Accepting the PCOS diagnosis is still a work in progress. I don’t want to have a condition that isn’t curable and effects the way I look. And at the same time having PCOS explains so much of my history, especially in regards to weight, and even in regards to my eating disorder, and every day I am learning to accept it, and having some understanding and self compassion towards myself. Though I can’t help but wonder if I didn’t have PCOS would I have struggled so severely with eating disorder(s)?
I’m a work in progress and the progress is good.
My current treatment plan includes:
Birth Control (YAZ) to regulate periods and to reduce androgen activity.
A mechanical meal plan and activity protocol – which means I eat three full meals and three snacks every single day, regardless of what the scale says, regardless of what my eating disorder says, regardless of anything. My meal plan is my priority. Not only does it keep me safe from my eating disorder, but it honestly controls so much of my PCOS symptoms. My meal plan is flexible, so I have the same food groups at the same time of the day but I can choose the variety of items, and generally stick to lower glycemic index foods for the sake of my PCOS. It also means I exercise moderately. I don’t over do it, but I must do it. I have two mandatory rest days a week, and five days were I can do an activity of choice, usually walking or jogging for myself.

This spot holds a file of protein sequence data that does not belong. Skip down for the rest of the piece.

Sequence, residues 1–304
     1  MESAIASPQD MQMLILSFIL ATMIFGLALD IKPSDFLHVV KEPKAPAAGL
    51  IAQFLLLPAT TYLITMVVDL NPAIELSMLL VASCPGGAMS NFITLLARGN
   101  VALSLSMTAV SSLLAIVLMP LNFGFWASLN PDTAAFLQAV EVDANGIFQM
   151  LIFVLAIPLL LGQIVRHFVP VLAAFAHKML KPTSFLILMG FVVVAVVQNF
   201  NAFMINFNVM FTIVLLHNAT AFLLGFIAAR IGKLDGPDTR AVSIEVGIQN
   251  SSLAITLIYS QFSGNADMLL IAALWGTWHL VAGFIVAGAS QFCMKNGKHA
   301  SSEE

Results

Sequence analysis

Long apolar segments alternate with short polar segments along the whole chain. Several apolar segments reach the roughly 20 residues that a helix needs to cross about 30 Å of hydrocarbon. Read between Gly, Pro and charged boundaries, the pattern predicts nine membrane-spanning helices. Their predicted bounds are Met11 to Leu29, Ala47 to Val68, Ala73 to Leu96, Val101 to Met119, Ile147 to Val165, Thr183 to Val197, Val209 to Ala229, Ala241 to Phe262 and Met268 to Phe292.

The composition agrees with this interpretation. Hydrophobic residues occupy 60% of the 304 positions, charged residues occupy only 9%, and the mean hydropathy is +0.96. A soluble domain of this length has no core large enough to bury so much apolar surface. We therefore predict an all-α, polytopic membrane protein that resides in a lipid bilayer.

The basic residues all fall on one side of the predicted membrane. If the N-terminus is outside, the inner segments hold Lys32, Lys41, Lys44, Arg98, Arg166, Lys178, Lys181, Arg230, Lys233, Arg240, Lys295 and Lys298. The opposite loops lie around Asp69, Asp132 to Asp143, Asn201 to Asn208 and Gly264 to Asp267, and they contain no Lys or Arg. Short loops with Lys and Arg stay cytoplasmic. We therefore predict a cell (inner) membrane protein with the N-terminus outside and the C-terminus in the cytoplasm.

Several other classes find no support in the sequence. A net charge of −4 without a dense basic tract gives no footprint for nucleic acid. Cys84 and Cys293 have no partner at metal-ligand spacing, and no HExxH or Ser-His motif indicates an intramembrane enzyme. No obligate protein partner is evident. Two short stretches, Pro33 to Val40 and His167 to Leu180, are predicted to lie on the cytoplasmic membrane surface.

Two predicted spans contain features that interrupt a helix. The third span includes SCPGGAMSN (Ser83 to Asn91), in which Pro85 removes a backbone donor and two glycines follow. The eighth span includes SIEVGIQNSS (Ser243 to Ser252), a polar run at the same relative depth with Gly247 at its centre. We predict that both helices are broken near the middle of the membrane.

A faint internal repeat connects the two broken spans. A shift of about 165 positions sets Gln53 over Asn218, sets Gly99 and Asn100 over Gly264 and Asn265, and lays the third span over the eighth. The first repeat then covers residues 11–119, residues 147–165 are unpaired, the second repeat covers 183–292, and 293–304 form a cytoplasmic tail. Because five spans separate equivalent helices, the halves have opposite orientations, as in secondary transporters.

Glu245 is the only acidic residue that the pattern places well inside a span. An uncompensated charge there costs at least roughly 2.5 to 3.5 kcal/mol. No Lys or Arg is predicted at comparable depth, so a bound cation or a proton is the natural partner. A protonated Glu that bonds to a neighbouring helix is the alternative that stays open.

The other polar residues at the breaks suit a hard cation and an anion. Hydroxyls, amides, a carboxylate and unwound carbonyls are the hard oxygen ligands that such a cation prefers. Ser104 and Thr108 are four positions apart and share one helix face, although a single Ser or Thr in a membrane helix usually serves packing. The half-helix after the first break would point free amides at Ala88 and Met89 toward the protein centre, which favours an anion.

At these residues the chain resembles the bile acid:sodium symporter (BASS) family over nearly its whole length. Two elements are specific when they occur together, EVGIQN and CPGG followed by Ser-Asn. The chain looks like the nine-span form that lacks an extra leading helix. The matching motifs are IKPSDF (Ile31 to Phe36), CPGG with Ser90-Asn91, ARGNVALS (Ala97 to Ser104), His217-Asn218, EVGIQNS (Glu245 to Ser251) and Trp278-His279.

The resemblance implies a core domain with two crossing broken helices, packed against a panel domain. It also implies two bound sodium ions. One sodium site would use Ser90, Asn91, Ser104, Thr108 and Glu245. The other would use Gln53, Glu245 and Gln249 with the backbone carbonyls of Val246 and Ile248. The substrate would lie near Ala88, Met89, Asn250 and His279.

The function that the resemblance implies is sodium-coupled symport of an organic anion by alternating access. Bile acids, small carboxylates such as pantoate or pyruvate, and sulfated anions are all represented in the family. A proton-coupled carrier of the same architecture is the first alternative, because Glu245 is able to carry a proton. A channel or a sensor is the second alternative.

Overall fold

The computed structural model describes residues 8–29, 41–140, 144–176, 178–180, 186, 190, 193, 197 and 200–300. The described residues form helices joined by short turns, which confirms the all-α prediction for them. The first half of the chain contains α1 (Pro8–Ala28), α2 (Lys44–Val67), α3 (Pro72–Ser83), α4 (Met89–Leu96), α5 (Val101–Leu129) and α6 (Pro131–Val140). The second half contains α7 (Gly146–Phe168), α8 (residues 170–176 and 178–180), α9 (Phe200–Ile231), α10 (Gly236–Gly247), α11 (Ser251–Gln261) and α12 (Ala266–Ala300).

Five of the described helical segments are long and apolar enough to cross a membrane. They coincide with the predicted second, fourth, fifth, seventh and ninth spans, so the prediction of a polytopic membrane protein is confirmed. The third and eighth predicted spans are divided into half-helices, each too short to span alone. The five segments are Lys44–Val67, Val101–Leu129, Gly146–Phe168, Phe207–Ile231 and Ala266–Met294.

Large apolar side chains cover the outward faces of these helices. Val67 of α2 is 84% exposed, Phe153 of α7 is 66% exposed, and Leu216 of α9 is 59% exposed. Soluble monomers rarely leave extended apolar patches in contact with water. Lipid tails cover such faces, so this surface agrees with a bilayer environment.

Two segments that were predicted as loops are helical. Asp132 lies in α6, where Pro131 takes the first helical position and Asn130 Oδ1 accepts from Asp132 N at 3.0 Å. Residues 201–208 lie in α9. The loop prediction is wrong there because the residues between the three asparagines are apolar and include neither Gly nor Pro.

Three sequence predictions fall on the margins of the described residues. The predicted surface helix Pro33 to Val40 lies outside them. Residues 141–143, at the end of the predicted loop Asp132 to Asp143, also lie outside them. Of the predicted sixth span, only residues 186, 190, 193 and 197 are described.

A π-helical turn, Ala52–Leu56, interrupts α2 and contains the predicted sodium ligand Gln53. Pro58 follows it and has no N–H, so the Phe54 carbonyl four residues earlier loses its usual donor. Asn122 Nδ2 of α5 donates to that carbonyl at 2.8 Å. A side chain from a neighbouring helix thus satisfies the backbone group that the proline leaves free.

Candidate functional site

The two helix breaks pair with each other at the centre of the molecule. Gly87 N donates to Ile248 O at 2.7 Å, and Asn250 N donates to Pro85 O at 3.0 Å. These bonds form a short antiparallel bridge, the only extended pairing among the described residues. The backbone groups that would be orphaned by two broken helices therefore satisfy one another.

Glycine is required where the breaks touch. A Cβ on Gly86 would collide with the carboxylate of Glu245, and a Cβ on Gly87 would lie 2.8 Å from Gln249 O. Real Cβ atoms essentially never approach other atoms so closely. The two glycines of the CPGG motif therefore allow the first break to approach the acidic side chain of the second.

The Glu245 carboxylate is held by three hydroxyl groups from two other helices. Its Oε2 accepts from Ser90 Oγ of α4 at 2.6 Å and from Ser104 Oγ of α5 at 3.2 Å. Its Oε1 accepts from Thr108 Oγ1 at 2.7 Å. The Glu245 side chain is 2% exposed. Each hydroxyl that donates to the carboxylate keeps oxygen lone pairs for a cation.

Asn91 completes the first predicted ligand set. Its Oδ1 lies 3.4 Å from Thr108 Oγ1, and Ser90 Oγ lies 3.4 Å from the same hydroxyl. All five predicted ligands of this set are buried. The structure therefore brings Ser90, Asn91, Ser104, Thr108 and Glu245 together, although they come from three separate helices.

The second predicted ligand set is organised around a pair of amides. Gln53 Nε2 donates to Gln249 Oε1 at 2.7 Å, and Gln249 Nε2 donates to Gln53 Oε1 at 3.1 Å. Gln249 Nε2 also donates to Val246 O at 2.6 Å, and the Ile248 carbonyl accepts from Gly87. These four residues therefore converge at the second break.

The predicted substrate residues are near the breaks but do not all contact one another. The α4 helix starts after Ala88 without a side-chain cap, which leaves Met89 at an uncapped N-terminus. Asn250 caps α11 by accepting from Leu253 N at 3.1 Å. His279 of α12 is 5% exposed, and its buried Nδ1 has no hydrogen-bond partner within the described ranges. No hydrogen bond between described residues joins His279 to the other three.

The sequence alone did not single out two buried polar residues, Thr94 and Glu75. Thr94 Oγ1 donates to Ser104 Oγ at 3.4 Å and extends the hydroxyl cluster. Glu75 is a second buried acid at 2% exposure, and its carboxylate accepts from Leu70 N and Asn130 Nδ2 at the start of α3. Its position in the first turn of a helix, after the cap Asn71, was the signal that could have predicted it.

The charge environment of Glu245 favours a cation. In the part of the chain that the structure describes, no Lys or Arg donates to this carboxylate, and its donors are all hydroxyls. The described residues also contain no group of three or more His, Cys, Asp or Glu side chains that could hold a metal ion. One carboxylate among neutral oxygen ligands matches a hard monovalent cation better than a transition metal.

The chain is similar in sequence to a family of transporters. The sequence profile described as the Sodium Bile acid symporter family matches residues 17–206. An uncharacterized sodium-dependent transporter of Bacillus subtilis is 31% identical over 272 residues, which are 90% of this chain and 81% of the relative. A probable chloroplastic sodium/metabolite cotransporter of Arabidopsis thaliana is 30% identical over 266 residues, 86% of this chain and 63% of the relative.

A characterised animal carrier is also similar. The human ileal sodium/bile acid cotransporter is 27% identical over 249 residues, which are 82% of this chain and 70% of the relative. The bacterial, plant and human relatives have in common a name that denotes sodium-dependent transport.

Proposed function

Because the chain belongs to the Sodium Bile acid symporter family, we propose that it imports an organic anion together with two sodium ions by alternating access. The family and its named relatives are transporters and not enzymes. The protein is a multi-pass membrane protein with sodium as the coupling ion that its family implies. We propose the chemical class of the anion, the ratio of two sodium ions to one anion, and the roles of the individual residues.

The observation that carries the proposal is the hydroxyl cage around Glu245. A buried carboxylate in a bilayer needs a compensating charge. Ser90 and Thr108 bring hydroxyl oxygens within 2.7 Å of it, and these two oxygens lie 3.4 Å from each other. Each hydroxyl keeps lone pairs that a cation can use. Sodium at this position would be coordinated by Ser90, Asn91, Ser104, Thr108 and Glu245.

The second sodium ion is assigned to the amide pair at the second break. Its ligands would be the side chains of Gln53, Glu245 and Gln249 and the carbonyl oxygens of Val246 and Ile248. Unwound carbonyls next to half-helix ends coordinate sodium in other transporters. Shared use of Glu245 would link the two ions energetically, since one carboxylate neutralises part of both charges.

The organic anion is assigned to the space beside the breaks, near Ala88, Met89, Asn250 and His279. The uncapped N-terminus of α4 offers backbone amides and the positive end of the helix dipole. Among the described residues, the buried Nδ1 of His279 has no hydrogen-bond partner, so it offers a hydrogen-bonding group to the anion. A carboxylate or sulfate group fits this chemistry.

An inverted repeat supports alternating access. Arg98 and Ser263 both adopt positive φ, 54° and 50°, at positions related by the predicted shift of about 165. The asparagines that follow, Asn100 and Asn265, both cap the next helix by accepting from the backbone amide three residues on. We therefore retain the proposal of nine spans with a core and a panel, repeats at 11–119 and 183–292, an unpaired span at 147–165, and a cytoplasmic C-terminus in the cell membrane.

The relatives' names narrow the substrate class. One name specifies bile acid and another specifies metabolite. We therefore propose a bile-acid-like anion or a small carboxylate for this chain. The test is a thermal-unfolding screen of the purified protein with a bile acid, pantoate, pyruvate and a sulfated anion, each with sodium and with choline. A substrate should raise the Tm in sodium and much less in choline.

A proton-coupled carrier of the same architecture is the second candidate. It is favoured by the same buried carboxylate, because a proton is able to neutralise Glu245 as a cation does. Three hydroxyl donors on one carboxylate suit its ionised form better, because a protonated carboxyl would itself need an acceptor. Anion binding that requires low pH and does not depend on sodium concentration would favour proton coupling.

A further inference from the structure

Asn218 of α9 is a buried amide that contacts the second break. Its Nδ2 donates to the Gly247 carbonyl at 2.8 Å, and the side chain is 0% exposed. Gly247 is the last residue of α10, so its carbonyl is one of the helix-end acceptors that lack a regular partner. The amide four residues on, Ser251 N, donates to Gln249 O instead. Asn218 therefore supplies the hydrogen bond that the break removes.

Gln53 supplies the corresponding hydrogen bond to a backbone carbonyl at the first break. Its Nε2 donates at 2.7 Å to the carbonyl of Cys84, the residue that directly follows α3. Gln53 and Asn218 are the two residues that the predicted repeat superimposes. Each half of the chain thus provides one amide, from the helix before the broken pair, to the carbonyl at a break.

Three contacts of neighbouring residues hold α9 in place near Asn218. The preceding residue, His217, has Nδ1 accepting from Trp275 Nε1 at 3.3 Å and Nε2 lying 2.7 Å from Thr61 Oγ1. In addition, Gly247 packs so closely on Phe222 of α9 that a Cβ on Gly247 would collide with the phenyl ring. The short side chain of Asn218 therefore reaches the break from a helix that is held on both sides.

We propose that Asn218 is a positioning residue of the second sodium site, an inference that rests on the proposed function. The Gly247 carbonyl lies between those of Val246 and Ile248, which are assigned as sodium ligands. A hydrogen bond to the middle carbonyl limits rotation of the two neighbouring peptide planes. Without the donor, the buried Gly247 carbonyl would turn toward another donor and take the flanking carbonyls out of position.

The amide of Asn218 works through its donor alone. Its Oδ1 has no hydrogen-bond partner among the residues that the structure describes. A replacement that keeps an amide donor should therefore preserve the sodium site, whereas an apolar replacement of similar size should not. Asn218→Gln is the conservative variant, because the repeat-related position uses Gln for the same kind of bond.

I have PCOS.
I have an eating disorder.
I am in recovery.
I am a cyster.
Thank You for reading.
Thank You for this blog. It has helped me so much.